What's your game plan?
How do you turn a glaring disadvantage into a record-breaking run and collect a gold medal at the end of it? Wayde van Niekerk, the new 400m Olympic Champion and world record holder, on how environment, positive thinking and dreaming big has propelled him into the history books.
This is Wayde van Niekerk's game plan.
You call yourself @WaydeDreamer on Twitter and Instagram. How important is it to have a dream to work towards, whether you are an athlete or a businessperson?
For me it plays a massive role. I’ve always wanted more for myself, I’ve always envisioned a better life for myself and my family and obviously I link prayer with dreams. And when I pray I believe that’s my way of sharing my dreams with the Lord.
Do you think your dream is now a reality?
I don’t think I’ll ever be satisfied. I’ll always want better, I’ll always want more. I’m only 24 years old and I’ve achieved so much and I’m so, so grateful for it and feel blessed. But once you achieve something, then you see that you have room for more, room for improvement, and I think it is really just the beginning of so much more that I can achieve.
What are the benefits of training and working alongside an athlete that is leading the field? How important is it to have high-caliber role models in your life to help you up your game?
I’m a big believer that your environment impacts your next step. I feel that where I put myself is important as that is where the next door will open. So if I surround myself with great athletes it will be easier for me to open doors to better performance.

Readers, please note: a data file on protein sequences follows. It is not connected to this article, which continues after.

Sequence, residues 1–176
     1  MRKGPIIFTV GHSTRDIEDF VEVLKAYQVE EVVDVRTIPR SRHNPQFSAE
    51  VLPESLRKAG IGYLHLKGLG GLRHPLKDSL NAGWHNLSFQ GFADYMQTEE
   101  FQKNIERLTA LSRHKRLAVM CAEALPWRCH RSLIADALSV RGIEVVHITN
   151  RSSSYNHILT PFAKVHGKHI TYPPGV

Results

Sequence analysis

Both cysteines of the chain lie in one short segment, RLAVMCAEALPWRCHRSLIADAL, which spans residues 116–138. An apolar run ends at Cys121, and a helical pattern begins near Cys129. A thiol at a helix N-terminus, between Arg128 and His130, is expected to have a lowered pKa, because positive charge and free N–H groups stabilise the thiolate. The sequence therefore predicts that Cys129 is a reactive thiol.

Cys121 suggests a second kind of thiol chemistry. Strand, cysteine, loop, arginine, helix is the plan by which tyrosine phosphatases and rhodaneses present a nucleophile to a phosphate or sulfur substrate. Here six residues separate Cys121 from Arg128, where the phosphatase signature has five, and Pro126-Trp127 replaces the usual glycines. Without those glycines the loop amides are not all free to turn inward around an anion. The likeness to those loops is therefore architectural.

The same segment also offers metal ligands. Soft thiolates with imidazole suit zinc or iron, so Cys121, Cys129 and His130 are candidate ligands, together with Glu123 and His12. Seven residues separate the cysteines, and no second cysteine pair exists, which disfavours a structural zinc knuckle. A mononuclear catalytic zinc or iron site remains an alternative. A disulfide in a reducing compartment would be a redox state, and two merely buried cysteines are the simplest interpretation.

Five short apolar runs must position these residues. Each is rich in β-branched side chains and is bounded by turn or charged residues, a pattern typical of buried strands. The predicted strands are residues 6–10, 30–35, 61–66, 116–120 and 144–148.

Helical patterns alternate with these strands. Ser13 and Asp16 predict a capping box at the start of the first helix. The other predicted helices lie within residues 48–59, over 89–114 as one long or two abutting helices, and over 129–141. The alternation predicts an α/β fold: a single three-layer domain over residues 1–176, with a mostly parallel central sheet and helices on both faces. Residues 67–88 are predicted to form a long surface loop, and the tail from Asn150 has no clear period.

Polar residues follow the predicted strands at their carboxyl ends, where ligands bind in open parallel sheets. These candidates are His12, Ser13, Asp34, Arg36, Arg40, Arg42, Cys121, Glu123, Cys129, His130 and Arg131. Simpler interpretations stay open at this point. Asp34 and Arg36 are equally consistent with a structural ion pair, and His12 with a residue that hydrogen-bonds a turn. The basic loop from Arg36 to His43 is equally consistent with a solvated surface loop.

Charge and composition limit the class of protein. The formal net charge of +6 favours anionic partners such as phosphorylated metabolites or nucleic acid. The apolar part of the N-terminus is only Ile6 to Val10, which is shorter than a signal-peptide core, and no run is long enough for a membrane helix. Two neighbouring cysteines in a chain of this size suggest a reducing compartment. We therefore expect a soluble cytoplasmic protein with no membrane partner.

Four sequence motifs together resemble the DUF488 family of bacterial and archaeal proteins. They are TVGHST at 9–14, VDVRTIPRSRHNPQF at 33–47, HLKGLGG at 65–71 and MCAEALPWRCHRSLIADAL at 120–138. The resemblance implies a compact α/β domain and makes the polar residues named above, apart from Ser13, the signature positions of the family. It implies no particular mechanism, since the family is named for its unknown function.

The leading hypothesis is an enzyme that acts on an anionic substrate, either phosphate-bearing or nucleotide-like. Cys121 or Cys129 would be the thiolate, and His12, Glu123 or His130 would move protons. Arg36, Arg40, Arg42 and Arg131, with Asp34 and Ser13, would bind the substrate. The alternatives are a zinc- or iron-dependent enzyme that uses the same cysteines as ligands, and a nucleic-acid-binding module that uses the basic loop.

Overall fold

I’m always trying to do better. That’s something I learn from my coach, from my team every day of the year and meeting others on my journey just makes me grateful and willing to learn from them, listen to their advice. I sit with Akani Simbine (100m South African sprinter) every season and we learn from each other, give each other advice. It’s just part of the whole process of building up good relationships and trying to surround myself with greatness and people that will help me become a better person.
Even when it comes to spoken word, I always try to speak about and listen to things that have a positive impact on my life instead of listening to something negative that causes you to get stuck in that moment for way longer than you should.
At the Rio Summer Olympics how did you turn your outside lane disadvantage into an advantage in the final of the 400m?
At that moment I saw myself in the finals and as another opportunity for me to go out there and improve myself as an athlete. I didn’t really think about the lane I was in. I didn’t allow my mind to dwell on the lane itself. To me it was just about the race and I needed to go out there and do the job. Whether I’m in lane one or lane eight it doesn’t matter. There’s 400 meters and that 400 meters needs to be run in a specific time. So at that very moment I didn’t really think about it until after the race and I was asked it and I was like ‘wow’ I actually did it in lane eight, but at that very moment I was not even entertaining the fact that I was in lane eight.
You’ve achieved an awful lot over the summer. How do you avoid complacency setting in?
This has been a lifetime process, not an overnight thing. I think a lot of people see you shine one night and they think that night made you but it’s actually been a long-term process and I don’t really think that has to change. I just have to continue living the life that I’ve been living to date.